Areca catechu L.
Synonym                    : Areca hortensis Lour.
Family                        : Arecaceae
Local Names              : Adakkamaram, Kavungu, Areca palm, Betel nut palm
Flowering and fruiting period: Throughout the year

Distribution: Cultivated from India to the Solomon Islands and less commonly in Africa and Tropical America
Habitat: Cultivated
IUCN status: Data Deficient
Endemic: No
Uses: Fruits edible, tender leaves edible. Seed (nut) is aromatic and astringent, and can be addictive. It is used against anaemia, fits, leucoderma, leprosy, and obesity, and is also a purgative and an ointment for nasal ulcers. In India, the nut has been used to treat tapeworms. Chewing on the seeds (nuts) produces euphoria, heightened alertness, sweating, salivation, and an increased capacity to work, and alkaloid arecoline, which is found in the nut, accounts for these effects. Tannins, which are found in betel nut, were traditionally being used for dyeing clothes.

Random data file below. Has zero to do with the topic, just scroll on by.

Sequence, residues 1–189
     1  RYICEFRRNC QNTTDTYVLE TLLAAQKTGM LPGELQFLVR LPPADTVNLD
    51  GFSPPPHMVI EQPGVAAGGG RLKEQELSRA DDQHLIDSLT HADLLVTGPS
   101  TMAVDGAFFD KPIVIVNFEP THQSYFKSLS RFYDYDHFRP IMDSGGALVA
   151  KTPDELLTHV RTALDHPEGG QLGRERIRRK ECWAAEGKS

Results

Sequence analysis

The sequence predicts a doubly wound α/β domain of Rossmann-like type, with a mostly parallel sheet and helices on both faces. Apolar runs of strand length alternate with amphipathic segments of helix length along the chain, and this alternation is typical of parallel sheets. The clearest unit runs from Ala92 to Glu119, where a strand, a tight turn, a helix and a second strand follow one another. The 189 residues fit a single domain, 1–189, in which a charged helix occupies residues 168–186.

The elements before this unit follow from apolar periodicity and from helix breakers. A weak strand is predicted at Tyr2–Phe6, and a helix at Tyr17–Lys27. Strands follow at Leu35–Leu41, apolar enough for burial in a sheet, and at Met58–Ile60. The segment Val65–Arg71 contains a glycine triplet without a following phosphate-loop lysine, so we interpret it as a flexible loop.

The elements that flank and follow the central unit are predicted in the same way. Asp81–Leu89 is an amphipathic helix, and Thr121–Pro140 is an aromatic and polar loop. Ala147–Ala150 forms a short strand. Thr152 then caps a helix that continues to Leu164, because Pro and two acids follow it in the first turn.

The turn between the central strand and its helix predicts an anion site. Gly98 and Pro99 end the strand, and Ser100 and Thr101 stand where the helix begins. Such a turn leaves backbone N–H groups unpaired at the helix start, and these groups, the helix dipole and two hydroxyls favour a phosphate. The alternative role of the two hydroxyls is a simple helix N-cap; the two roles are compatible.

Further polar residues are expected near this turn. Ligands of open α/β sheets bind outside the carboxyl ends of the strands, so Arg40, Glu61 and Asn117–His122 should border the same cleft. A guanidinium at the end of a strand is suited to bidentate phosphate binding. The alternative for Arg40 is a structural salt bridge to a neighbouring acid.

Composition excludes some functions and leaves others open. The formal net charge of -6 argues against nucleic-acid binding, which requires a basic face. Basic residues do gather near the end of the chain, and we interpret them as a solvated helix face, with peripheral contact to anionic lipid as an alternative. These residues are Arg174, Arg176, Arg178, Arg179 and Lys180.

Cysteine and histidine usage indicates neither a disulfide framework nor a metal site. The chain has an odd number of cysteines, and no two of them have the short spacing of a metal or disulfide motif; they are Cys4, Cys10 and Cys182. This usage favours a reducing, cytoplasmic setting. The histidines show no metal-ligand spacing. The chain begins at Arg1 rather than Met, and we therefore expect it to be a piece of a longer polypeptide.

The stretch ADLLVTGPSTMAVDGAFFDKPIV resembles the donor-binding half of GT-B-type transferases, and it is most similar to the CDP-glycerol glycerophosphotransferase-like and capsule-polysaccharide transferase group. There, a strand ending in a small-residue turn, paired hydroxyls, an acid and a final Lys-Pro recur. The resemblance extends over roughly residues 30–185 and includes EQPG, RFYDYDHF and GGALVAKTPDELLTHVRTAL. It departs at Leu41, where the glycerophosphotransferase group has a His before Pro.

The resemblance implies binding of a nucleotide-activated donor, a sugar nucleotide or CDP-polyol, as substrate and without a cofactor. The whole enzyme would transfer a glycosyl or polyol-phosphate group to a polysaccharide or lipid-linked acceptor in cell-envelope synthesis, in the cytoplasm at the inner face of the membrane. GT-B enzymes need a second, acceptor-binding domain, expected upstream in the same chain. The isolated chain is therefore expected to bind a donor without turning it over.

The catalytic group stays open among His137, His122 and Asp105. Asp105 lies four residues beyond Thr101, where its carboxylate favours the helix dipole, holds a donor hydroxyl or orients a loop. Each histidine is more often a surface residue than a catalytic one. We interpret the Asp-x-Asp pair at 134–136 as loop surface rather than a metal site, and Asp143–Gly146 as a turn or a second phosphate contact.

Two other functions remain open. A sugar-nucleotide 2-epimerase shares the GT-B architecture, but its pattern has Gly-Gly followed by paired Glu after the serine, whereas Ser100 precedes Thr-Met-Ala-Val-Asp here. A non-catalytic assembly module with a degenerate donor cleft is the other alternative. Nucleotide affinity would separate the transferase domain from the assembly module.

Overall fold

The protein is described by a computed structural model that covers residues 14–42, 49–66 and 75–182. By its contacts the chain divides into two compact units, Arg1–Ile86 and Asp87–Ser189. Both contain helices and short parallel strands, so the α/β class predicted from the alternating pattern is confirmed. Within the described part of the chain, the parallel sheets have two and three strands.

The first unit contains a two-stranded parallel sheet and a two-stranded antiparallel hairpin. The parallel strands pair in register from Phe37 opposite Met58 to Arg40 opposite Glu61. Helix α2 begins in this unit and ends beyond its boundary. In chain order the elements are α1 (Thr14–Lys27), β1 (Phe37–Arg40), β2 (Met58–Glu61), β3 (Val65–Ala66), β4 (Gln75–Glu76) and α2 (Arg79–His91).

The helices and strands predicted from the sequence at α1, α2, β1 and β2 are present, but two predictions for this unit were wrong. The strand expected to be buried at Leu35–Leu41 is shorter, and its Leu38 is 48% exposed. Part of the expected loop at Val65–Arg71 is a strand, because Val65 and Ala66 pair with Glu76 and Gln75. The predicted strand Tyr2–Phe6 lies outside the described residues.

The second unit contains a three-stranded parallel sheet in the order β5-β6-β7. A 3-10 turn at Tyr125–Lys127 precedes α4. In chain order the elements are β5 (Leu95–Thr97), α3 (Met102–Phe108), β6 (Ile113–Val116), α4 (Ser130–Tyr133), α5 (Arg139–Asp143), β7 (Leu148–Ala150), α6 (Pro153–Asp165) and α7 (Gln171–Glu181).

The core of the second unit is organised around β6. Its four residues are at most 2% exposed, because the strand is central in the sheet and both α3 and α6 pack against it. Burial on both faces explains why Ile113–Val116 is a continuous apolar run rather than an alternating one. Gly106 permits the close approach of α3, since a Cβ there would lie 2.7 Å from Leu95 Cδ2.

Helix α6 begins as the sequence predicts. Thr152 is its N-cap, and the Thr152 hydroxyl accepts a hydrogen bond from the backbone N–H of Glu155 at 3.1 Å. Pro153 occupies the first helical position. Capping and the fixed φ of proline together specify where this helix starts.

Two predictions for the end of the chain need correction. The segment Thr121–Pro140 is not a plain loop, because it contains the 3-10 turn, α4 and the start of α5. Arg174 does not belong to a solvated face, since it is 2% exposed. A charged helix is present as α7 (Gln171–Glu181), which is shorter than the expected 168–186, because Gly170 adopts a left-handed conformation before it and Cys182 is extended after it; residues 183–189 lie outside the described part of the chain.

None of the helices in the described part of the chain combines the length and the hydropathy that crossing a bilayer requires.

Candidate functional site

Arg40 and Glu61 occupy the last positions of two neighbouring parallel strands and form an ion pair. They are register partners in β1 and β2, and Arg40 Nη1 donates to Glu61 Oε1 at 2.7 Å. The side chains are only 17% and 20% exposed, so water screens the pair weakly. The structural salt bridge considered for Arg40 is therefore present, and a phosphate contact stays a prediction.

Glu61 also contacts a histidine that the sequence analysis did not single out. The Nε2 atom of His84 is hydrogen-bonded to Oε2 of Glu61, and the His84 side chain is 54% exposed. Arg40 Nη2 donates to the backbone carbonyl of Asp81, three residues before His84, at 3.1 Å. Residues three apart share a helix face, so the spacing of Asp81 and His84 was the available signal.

Key Characters: Stem erect, hooped, unarmed.  Leaves in a terminal crown; leaflets many, linear or linear-lanceolate.  Spadices several on the axils of fallen leaves, branched; spikes flexuous or straight.  Spathes boat-like.  Flowers monoecious; lower ones female; upper ones male.  Male flowers: sepals 3, triangular; petals 3, ovate, white; stamens 6.  Female flowers: sepals obovate; ovary oblong.  Fruit orange-red in colour.